Position Statement IG

Internet Governance
UNESCO Position Statement1
Background ..................................................................................................................... 2
The meaning of “Internet Governance” ....................................................................... 2
Issues at stake ................................................................................................................. 3
UNESCO’s mandate and principles and their link to Internet Governance ............ 3
UNESCO’s role in the debate over Internet Governance .......................................... 3
Prepared for the UN ICT Task Force Global Forum on Internet Governance, 25-26 March 2004, New York
UNESCO and Internet Governance - Position Statement - Page 2 of 4
The Internet is a major opportunity to improve free flow of information and ideas
throughout the world. Internet governance mechanisms should be based on the principle of
“openness”, encompassing interoperability, freedom of expression in Knowledge Societies
and measures to resist any attempt to censor content. There should be no changes in
Internet governance mechanisms that impede the free flow of information and ideas on the
Internet. The effect of these mechanisms should be to enable greater use of the Internet by
citizens with diverse linguistic and cultural backgrounds.
A) Background
1. At the World Summit on the Information Society (WSIS) in Geneva in December 2003,
Governments requested the UN Secretary-General to set up a Working Group on Internet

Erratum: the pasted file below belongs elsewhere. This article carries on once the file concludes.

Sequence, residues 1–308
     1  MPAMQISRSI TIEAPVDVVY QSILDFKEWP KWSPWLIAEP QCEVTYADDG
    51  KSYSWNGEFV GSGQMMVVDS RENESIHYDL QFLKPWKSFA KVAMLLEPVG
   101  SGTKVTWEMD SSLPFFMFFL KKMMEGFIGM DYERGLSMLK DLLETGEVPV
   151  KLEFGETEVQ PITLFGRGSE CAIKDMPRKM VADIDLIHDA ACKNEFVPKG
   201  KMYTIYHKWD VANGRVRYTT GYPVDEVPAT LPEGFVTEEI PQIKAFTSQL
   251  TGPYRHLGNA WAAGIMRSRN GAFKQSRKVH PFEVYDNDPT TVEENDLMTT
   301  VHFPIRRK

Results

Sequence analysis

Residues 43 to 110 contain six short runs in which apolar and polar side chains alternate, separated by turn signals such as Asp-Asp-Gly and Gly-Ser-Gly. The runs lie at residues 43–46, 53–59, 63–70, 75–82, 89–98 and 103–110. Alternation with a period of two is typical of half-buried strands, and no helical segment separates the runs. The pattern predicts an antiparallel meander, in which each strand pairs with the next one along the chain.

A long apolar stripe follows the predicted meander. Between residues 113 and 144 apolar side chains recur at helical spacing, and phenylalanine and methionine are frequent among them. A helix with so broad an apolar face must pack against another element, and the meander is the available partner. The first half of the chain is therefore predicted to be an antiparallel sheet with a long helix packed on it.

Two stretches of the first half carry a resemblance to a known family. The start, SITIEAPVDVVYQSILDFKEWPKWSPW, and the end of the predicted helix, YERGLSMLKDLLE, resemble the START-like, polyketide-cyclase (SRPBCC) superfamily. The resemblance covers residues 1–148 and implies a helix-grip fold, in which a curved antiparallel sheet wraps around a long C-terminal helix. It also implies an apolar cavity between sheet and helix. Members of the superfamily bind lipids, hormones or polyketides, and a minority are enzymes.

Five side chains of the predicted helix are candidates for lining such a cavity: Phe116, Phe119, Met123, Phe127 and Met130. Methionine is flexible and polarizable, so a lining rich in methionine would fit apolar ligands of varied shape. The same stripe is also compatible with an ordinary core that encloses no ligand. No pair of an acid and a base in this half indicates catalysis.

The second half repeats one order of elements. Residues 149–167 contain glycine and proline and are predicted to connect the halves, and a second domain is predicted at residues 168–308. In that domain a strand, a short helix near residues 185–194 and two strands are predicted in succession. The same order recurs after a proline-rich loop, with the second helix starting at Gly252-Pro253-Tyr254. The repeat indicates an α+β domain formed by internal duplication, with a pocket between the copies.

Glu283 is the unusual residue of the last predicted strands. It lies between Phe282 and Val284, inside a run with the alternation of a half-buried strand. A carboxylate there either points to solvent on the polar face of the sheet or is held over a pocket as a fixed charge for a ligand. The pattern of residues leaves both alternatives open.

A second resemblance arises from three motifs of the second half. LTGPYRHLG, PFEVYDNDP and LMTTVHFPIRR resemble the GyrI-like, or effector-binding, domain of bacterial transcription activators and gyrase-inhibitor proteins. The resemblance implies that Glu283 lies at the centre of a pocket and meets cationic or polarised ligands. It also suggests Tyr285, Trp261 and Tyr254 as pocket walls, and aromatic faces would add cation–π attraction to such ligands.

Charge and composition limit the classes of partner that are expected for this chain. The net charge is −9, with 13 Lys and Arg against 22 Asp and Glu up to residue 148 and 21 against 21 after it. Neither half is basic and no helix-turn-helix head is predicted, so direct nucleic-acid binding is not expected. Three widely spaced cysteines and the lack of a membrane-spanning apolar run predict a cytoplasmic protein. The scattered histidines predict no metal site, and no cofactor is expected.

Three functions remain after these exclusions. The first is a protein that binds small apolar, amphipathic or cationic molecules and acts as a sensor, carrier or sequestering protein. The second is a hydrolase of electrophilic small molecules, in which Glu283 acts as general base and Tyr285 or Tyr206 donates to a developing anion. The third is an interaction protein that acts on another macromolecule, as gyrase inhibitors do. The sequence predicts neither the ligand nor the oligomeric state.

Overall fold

Governance, to investigate and make proposals for action, as appropriate, on the governance
of the Internet by 2005. The request for the creation of this working group resulted from the
controversial discussion on Internet Governance during the WSIS preparatory phase, where a
number of countries called for a stronger role for intergovernmental structures in this field,
whereas others advocated the appropriateness of the strong influence of the private sector.
2. The history of the development of the Internet, which was self-governing for
approximately 30 years, is highly relevant to the future debate. The result of the minimalist
government intervention was an inherently private sector run infrastructure based on
consensus. UNESCO appreciates that this is one of the key success factors of the Internet.
The other prominent success factor is the openness of the medium with its function of
enabling the free flow of information that makes it an inherently democratic and empowering
B) The meaning of “Internet Governance”
3. UNESCO observes that the term “Internet Governance” has not yet been clearly defined.
For some, it describes the narrow issue of the management of domain names and
infrastructure that are presently administered by the Internet Corporation for Assigned Names